The curve reveals two regimes that depend on the visible versus dark matter content ratio. For values larger than a characteristic acceleration of about 3×109ms2, the observed acceleration equals the acceleration expected from the disk’s visible mass. This corresponds to the inner regions of large galaxies with relatively dense disks, where visible matter dominates. Below this acceleration scale, the observed acceleration becomes systematically higher than that expected from the disk mass, with the difference increasing as the expected disk acceleration gets smaller. The difference is the signature of dark matter. It is worth noting that both the Tully-Fisher relation and the flatness of rotation curves at large radii are contained in the author’s more general scaling relation.

Why should the visible matter in the disk have such a tight correlation with the distribution of surrounding dark matter, over a wide range of disk masses and densities? Some scaling relation connecting disk mass and total mass, like Tully-Fisher, might be expected from the standard cosmological model, because it is reasonable that more massive dark matter halos host more massive galaxy disks. However, the new general relationship, which encompasses both mass and density, is harder to understand. Why should disks of different density at constant mass follow the same scaling relation as disks of different masses at constant density? And why is acceleration the relevant scaling parameter?

No clear answers have been advanced, even though some aspects of this scaling relation have been known, with gradually improving errors, for many years. One possibility is that the observed relation is simply the natural end result of the astrophysical evolution of galaxy disks and dark matter. Cosmological simulations are only now attaining sufficient mass resolution and a sufficiently realistic astrophysical description to produce plausible-looking disk galaxies. The work by McGaugh, Lelli, and Schombert provides a clearly defined and easily computed benchmark for testing whether galaxies in simulations match observations. Current simulations seem to produce similar scaling relations between expected and measured acceleration [5, 6]. But it remains to be seen whether the simulations match the data in detail over the entire range of disk galaxies.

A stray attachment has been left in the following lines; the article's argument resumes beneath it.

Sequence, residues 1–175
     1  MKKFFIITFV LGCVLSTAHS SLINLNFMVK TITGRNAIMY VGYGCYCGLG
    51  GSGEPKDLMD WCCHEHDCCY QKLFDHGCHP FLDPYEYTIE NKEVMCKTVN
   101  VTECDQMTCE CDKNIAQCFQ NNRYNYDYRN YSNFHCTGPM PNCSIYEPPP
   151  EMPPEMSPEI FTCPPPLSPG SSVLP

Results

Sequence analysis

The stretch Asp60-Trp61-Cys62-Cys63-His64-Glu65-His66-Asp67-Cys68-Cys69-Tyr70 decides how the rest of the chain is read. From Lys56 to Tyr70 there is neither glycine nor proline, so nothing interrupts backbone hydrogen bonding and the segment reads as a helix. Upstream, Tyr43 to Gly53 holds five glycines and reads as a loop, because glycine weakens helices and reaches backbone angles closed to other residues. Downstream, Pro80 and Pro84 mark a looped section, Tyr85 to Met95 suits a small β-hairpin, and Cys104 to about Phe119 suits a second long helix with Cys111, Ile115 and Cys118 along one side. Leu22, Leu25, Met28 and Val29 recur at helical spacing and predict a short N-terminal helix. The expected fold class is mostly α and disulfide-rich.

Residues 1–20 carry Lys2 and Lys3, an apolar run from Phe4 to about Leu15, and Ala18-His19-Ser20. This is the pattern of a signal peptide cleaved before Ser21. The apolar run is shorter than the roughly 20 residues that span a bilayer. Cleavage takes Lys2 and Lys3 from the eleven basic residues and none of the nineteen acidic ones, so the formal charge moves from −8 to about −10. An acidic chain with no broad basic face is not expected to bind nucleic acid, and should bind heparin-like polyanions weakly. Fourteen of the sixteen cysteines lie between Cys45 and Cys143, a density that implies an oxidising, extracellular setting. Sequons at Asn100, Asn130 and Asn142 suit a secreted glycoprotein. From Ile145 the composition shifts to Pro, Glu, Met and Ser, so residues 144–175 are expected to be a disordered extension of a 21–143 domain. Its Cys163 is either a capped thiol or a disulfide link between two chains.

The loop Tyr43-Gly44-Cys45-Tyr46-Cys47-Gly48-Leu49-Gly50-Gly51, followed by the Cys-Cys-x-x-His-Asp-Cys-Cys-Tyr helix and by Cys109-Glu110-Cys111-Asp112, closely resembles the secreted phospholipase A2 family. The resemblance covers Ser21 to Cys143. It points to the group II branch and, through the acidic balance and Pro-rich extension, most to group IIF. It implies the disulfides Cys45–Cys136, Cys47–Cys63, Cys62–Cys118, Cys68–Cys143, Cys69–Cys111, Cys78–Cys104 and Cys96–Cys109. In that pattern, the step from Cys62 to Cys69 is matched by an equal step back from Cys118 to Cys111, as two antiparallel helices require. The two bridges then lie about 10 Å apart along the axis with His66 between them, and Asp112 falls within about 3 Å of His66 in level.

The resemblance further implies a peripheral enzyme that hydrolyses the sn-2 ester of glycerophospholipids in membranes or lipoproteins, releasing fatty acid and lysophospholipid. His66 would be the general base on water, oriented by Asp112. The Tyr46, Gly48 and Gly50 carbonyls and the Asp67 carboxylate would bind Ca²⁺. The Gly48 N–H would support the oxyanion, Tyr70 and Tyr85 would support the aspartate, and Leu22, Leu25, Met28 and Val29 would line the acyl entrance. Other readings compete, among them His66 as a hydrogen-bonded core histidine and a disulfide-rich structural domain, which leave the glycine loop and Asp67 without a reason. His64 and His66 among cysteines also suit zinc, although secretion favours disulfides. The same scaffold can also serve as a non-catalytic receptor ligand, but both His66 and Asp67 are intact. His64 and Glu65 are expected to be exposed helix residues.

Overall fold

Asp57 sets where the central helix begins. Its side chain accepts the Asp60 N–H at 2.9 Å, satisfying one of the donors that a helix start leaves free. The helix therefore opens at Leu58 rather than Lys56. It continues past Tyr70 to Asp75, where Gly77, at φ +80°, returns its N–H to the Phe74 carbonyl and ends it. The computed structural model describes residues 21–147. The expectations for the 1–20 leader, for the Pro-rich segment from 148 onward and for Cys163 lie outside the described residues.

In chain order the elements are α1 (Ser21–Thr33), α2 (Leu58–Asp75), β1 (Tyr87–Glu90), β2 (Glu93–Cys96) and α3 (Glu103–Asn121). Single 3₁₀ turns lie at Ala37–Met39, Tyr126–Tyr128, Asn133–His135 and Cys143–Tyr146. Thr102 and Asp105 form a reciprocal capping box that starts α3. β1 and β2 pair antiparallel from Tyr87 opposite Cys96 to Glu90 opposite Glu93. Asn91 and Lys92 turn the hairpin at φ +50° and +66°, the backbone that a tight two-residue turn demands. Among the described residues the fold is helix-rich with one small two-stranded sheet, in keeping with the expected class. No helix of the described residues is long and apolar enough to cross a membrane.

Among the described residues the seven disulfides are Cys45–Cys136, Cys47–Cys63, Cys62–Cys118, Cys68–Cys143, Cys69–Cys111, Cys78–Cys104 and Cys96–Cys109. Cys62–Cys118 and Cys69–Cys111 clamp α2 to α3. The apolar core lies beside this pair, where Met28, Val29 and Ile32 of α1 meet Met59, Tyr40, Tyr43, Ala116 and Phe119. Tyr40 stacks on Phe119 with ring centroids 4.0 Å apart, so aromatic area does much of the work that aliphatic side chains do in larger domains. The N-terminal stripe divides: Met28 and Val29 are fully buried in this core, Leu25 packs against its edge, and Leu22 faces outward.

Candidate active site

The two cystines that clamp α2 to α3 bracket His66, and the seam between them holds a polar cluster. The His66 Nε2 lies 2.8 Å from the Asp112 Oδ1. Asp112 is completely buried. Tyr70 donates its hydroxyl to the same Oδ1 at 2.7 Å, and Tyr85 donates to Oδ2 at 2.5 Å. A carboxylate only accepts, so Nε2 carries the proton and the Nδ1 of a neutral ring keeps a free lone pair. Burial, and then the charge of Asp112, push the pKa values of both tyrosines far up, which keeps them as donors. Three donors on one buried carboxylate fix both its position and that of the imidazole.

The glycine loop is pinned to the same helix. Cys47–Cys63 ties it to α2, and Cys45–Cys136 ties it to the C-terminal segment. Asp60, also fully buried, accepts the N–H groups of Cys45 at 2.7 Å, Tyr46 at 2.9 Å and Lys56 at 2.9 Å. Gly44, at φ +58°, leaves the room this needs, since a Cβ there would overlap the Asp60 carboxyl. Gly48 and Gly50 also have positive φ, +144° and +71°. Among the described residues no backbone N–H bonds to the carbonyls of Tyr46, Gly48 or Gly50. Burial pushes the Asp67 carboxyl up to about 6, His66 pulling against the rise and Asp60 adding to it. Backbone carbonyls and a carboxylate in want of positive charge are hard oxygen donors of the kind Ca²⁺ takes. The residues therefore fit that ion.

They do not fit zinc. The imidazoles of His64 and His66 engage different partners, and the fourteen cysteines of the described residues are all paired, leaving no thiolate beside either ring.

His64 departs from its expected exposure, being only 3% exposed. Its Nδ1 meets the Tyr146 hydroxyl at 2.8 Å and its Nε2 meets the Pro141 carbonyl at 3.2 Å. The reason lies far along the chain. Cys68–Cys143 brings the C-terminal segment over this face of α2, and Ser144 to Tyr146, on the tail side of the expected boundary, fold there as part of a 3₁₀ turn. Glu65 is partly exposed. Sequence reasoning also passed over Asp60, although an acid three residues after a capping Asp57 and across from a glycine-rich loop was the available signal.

Any alternative explanation is more radical. Dark matter may have more complex physics than assumed by the simplest models, such as additional self-interactions or interactions with normal matter. Or Newtonian gravity may not hold: the scaling relationship could reflect a modification of the Newtonian gravitational force law rather than the presence of dark matter. Mordehai Milgrom has advocated this possibility since 1984 [7], and Jacob Bekenstein demonstrated one possible covariant theory containing such a modification [8]. The modification of Newtonian gravity sidesteps any difficulties in relating dark matter to visible matter in galaxies. But even if a modification of gravity can reproduce observed galaxy dynamics, it generally runs into serious difficulties matching observations on cosmological scales, including the growth of structure, galaxy clusters, gravitational lensing, and driven acoustic oscillations in the microwave background power spectrum.

The observed acceleration relation in disk galaxies presents a clear challenge for simulations of galaxy formation within the standard cosmological model. It will lead us to a deeper understanding of the astrophysical processes shaping galaxies, or—just possibly—to a substantial revision of fundamental physics theories.

This research is published in Physical Review Letters.


  1. S. S McGaugh, F. Lelli, and J. M. Schombert, “Radial Acceleration Relation in Rotationally Supported Galaxies,” Phys. Rev. Lett. 117, 201101 (2016).
  2. V. C. Rubin and W. K.Ford, “Rotation of the Andromeda Nebula from a Spectroscopic Survey of Emission Regions,” Astrophys. J. 159, 379 (1970).
  3. R. B. Tully and J. R. Fisher, “A New Method of Determining Distances to Galaxies,” Astron. Astrophys. 54, 661 (1977).
  4. F. Lelli, S. S. McGaugh, and J. M. Schombert, “SPARC: Mass Models for 175 Disk Galaxies with Spitzer Photometry and Accurate Rotation Curves,” arXiv:1606.09251; Astron. J. (to be published).
  5. B. W. Keller and J. W. Wadsley, “La Fin du MOND? Λ CDM is Fully Consistent with SPARC Acceleration Law,” arXiv:1610.06183.
  6. A. D. Ludlow et al., “The Mass-Discrepancy Acceleration Relation: A Natural Outcome of Galaxy Formation in CDM Halos,” arXiv:1610.07663.
  7. M. Milgrom, “A Modification of the Newtonian Dynamics as a Possible Alternative to the Hidden Mass Hypothesis,” Astrophys. J. 270, 365 (1983).
  8. J. Bekenstein, “Relativistic Gravitation Theory for the Modified Newtonian Dynamics Paradigm,” Phys. Rev. D 70, 083509 (2004).

About the Author

Image of Arthur Kosowsky

Arthur Kosowsky is Professor of Physics and Astronomy at the University of Pittsburgh, and Associate Director of the Pittsburgh Particle Physics, Astrophysics, and Cosmology Center (PITT PACC). His research focuses on cosmology, gravitation, and high-energy physics. He is known particularly for work on the cosmic microwave background radiation, and he is a member of the Atacama Cosmology Telescope and the Simons Observatory collaborations to map the microwave sky.

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AstrophysicsCosmologyParticles and Fields